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  • $\begingroup$ "it doesn't seem like we can see a list of deleted posts" For users that have enough rep, you can see the deleted posts over the last 30 days here: quantumcomputing.stackexchange.com/… and for diamond moderators there's other tools available. When I execute this search: quantumcomputing.stackexchange.com/search?q=deleted%3A1 I only get my deleted posts, but maybe when you search it you will find all deleted posts. You can check the teams page for diamond moderators, if you want to find tools for finding deleted posts. $\endgroup$ Commented Apr 19, 2023 at 16:41
  • $\begingroup$ About the recently deleted answer to which you provided a link here, I was one of the people that flagged it, but I wonder if in a comment on the deleted answer, you could provide to us a link to what led you to conclude that it's a ChatGPT answer? For example did you use zerogpt? In my flag I said that it "looks" like it's from ChatGPT, but I hadn't found "proof" yet. $\endgroup$ Commented Apr 19, 2023 at 16:45
  • $\begingroup$ I (MarkS) didn’t run the recent answer through those tools mentioned by gIS for this case; I relied on my own (potentially fallible) Turing test this time. But I have run those tools otherwise, and own accuracy isn’t bad. $\endgroup$ Commented Apr 19, 2023 at 17:34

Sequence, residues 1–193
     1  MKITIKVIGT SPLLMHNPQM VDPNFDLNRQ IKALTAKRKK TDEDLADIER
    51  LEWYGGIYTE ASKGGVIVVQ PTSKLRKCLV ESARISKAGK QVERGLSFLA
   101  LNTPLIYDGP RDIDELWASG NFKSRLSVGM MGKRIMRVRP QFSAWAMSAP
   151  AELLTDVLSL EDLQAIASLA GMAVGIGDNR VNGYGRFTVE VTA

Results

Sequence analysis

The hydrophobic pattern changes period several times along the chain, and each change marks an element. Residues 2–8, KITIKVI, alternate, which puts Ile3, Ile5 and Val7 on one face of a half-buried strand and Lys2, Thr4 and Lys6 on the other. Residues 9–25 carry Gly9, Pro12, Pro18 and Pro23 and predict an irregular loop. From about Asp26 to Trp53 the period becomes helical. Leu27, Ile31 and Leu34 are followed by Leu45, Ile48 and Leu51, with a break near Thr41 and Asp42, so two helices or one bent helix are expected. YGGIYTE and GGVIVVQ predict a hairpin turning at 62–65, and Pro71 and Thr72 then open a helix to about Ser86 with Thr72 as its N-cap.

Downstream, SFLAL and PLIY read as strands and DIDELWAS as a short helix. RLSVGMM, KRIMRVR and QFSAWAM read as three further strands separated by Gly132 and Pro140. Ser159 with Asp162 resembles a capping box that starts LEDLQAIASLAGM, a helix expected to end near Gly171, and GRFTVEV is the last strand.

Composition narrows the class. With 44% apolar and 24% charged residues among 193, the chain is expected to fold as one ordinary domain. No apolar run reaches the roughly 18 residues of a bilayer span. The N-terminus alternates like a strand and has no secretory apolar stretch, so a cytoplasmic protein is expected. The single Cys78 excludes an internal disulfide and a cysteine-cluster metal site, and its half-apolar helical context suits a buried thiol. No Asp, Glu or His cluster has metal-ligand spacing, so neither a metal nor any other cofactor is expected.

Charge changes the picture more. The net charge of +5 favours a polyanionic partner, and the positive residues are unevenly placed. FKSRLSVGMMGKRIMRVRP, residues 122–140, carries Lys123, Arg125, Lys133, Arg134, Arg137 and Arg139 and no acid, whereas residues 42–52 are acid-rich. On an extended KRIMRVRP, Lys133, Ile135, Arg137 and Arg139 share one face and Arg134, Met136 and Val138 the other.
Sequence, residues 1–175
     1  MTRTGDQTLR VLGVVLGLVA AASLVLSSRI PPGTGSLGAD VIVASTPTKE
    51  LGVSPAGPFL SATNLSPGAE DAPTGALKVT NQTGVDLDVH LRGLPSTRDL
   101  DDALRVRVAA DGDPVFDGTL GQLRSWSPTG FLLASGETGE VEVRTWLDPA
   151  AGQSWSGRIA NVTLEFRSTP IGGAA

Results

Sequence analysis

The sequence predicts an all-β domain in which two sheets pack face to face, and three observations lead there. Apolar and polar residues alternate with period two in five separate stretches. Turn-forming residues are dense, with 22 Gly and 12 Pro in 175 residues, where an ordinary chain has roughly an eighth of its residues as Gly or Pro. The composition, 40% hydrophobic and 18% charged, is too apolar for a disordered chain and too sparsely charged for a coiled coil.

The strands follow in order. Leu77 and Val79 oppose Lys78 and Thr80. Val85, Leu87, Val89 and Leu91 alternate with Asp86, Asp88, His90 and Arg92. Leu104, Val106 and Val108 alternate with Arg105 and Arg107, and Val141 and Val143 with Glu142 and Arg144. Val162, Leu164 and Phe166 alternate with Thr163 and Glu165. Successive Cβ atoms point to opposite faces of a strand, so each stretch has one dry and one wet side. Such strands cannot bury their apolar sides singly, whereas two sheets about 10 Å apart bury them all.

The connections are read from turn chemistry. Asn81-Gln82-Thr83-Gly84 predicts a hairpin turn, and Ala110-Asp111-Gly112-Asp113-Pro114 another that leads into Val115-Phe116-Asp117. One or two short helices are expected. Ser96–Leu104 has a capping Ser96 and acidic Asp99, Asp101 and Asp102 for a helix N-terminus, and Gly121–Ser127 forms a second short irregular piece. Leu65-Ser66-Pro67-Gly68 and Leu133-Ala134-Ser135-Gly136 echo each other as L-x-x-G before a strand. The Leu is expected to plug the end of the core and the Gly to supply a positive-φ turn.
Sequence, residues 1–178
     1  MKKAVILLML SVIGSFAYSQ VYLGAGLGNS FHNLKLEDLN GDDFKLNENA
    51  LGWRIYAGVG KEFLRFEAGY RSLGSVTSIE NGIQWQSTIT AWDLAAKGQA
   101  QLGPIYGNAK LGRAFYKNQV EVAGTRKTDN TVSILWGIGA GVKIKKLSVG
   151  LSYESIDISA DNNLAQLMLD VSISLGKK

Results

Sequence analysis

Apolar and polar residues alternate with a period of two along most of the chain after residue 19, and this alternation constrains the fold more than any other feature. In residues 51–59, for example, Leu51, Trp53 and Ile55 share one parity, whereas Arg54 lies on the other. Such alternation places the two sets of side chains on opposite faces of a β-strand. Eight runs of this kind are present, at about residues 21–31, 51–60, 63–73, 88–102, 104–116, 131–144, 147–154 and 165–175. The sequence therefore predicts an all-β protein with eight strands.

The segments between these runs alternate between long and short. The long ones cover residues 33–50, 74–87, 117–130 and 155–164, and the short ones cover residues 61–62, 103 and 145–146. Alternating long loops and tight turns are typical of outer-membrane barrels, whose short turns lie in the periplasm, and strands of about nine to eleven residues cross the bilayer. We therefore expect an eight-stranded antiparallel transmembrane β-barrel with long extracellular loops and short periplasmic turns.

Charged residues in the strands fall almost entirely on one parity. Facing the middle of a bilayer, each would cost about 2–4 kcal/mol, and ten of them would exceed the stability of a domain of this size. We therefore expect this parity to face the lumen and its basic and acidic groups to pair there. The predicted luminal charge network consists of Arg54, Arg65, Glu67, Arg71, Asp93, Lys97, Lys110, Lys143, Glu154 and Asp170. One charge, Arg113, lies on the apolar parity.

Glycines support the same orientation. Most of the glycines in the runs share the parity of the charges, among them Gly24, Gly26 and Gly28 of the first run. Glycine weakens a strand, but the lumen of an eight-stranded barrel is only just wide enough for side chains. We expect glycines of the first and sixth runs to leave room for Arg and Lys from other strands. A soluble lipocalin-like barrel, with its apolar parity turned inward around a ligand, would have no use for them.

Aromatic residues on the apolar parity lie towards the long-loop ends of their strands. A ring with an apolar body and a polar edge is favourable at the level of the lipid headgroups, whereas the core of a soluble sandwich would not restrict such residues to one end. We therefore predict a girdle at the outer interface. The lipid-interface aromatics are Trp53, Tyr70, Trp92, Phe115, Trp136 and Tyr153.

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    $\begingroup$ I’m also interested when ChatGP’s answer is not bad, or at least somewhat informative. Perhaps don’t flag if the OP provides a disclaimer saying it was GPT inspired? And/or mark as CW so there’s no reputation farming? We all know that GPT scored a low B on Aaronson’s final. $\endgroup$ Commented Apr 19, 2023 at 17:50
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    $\begingroup$ @user1271772 ah, good thinking. I used the link to quickly go through the last deleted answers and retrieve the ones deleted for being chatGPT (well, at least the ones that seemed like they were from the first few sentences you get from the search page). About the last answer at hand, the zerogpt tool linked above gives it as chatGPT-generated with "100% confidence". $\endgroup$
    – glS Mod
    Commented Apr 19, 2023 at 18:30
  • $\begingroup$ @MarkS I mean, if it was "chatGPT-inspired" that means it was written by the user anyway, so it probably won't raise flags when looked at. Also, if an answer where chatGPT was involved to whatever degree is genuinely well-written, meaningful, and to the point, I feel like we wouldn't even notice such involvement, so again it won't raise any red flags. I myself sometimes use it to improve writing style and things like that. It's a great tool, if you are able to assess its output's correctness $\endgroup$
    – glS Mod
    Commented Apr 19, 2023 at 18:34
  • $\begingroup$ all the examples of posts deleted for being chatGPT generated are effectively bad answers formatted in a strangely good way, but often hide nonsense, or are bad answers where the user is not able to give feedback about questions asked in the comments $\endgroup$
    – glS Mod
    Commented Apr 19, 2023 at 18:36
  • $\begingroup$ Right I don’t think we’ve done anything wrong yet. A flag by a user with xp to flag meets the prima facie expectation of being GPT generated and the burden shifts to the poster to provide evidence otherwise. Perhaps this is something reviewers can be aware of for reviewing late answers or first answers etc. For hot questions I also try to protect after any suspect answer. $\endgroup$ Commented Apr 19, 2023 at 19:58
  • $\begingroup$ "detectGPT" seems not to be available anymore, and the domain is currently on sale. $\endgroup$ Commented Feb 2 at 21:18